Poor people have to spend almost all their money on bare essentials: rent, food, clothes for their kids.

They don’t have much left over for “luxuries” (taken in a broad sense, not in the technical VAT sense). Yet what they do have left-over for more than the bare essentials suddenly gets taxed at 17.5% – the same rate that those who have to dedicate a far smaller proportion of their income to essentials incur.

Doesn’t that look wrong to you?”

Now, John has written a very long and detailed counter-reply, which I intend to respond to in due course. You read it at:

and give me some traffic in the meantime 😉

“Earth to liberals – the current 15% floor is set by the EU – we do not control our own tax policy”


What follows?


Care to elaborate?

Well, either leave the EU, dramatically re-negotiate our settlement with it, or forget about this idea and push for a larger tax free income allowance instead.

Hey Nick – how about both those things!!

I wouldn’t object at all to the 50% rate IF the poor were taken out of tax altogether and not forced to act as supplicants within Brown’s lunatic tax credit scheme.

“They don’t have much left over for “luxuries” (taken in a broad sense, not in the technical VAT sense). Yet what they do have left-over for more than the bare essentials suddenly gets taxed at 17.5% – the same rate that those who have to dedicate a far smaller proportion of their income to essentials incur.”

Yeah but the rich (who spend more on luxuries, both in absolute and proportional terms, than the poor) pay 17.5% on more things than the poor. They end up paying more overall.

Think of it like this. No matter what you earn, everyone pays about the same on their essentials. Now however you look at it, the rich will have more money left over to spend on luxuries, so no matter what the VAT rate is, the rich will buy more luxury goods than the poor. So whether the VAT rate is 15% or whatever, the rich will pay more VAT than the poor because they spend more money on goods which have higher VAT on them, both proportionally and in absolute terms.

Comparing it to the poll tax is just stupid.

Exactly, Alex! Flat rate VAT on all items would be about as (pro/re)gressive as a flat rate income tax which, while not as progressive as we would like, is not regressive either in the way a flat capitation tax would be, it’s neutral. Take out essentials and it’s necessarily more progressive again than that.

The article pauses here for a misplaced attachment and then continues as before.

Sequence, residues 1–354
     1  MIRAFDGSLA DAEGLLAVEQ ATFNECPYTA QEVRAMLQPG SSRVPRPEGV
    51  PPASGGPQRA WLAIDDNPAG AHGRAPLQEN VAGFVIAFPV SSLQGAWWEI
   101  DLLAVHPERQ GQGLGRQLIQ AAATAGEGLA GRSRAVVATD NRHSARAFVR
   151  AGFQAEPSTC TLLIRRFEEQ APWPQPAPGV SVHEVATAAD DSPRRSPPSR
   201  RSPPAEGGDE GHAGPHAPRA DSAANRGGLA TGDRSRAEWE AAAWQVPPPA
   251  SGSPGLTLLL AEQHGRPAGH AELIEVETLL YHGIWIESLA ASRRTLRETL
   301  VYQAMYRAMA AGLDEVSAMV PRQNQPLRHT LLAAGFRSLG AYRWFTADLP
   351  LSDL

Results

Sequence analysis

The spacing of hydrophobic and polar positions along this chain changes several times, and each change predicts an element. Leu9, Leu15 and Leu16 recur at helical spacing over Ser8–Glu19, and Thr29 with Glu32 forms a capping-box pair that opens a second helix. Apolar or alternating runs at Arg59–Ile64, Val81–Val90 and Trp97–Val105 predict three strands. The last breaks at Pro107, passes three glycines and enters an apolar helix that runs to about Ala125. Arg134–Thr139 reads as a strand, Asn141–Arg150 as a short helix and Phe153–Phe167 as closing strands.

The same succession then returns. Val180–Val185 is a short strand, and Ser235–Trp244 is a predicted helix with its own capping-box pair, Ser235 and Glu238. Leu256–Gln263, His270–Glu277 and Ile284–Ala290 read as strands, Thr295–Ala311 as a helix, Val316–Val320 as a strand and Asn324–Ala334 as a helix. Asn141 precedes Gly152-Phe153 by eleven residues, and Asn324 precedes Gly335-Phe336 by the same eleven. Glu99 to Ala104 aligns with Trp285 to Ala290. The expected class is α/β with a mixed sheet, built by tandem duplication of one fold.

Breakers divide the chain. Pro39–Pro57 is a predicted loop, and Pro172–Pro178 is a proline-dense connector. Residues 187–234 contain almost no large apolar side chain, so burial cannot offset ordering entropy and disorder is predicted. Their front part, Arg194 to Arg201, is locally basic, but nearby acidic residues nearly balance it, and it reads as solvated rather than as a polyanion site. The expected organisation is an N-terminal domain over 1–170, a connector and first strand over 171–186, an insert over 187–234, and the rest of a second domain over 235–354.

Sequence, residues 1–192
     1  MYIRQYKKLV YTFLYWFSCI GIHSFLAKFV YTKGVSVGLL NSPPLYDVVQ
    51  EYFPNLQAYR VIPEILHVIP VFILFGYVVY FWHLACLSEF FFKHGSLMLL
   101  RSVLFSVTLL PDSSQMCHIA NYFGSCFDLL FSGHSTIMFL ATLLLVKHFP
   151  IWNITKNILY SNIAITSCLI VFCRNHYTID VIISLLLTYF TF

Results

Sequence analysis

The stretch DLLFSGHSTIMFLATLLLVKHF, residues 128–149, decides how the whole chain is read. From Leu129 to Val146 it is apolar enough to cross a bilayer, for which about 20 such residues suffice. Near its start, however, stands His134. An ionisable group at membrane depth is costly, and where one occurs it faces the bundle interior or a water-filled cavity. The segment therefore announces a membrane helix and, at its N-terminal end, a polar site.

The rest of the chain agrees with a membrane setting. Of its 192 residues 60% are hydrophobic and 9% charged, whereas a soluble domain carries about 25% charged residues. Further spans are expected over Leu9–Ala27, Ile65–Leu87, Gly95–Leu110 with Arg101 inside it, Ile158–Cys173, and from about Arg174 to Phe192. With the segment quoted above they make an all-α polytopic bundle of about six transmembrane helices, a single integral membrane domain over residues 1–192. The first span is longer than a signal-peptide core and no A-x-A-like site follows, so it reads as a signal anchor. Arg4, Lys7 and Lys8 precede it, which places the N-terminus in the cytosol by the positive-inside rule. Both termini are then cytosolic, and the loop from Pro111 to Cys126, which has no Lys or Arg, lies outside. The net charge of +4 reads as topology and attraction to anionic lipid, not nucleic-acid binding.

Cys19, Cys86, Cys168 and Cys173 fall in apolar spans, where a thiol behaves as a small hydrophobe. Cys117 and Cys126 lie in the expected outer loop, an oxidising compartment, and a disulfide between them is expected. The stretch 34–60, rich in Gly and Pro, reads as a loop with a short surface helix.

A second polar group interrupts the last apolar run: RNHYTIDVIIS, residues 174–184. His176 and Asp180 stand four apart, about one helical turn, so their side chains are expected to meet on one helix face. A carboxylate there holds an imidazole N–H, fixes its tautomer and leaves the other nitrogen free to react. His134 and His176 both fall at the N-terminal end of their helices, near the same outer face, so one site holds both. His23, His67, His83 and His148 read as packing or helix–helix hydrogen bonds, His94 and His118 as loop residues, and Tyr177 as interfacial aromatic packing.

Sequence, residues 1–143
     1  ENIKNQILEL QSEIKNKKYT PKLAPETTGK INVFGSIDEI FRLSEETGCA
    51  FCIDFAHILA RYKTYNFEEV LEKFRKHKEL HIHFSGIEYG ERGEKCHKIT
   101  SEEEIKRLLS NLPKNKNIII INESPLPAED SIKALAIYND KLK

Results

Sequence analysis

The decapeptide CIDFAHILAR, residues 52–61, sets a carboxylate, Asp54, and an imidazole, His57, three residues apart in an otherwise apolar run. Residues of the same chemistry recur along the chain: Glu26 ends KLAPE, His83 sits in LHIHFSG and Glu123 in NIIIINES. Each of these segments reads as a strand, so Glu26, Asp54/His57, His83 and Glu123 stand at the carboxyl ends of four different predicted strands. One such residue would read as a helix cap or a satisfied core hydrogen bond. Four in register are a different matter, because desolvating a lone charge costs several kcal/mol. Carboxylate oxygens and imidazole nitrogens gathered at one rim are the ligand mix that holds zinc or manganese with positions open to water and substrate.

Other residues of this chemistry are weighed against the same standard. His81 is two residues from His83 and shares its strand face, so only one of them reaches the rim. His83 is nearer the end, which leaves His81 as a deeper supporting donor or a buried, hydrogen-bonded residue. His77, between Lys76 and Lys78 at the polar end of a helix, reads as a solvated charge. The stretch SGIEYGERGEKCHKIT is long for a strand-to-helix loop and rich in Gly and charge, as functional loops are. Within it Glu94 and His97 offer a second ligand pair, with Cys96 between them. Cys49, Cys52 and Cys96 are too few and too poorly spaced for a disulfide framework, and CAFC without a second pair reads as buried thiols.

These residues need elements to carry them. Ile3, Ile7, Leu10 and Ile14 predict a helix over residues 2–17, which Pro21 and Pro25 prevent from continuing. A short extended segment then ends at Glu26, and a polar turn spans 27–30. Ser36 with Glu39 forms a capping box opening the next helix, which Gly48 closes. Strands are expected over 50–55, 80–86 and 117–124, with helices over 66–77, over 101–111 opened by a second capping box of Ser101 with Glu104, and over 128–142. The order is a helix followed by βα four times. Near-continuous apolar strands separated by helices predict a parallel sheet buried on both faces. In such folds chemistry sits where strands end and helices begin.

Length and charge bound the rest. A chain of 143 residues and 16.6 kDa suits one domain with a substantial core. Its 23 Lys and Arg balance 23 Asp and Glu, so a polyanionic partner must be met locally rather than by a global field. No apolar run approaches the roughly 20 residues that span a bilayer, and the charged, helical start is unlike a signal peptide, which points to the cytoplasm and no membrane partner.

A tax where someone with twice my earnings pays around three times as much as me can’t be compared to a poll tax, where I would pay exactly the same as them. The most progressive tax cut of course would be a “negative poll tax” – best accomplished by an increase in allowances at the bottom end, clawed back for higher earners if necessary.

Not only would a cut in vat be morally progressive. It would also be the most efficient way of stimulating demand in the economy in the wake of the recession. This is because those on lower incomes have a far higher marginal propensity to consume than those on higher incomes, and as such cutting regressive taxes will stimulate demand more than cutting taxes on the rich.

Reuben – if those on lower incomes have a higher marginal propensity to consume then the best and most efficient way to benefit them would be to increase the income of that specific group, say by substantially raising the personal allowance to take the poor out of tax altogether, rather than by cutting a sales tax which (a) doesn’t apply to large swathes of what the poor mostly spend money on, eg food or rent, as others have pointed out (b) benefits everyone not just the poor, so in that sense is more costly and inefficient and (c) may be swamped by other effects in an environment where prices of a lot of VAT-able consumer goods are in any event falling.

Those arguing VAT is progressive would have more of a point if the items considered luxuries were restricted further. Chocolate biscuits should not be considered luxury items. Ferraris should be.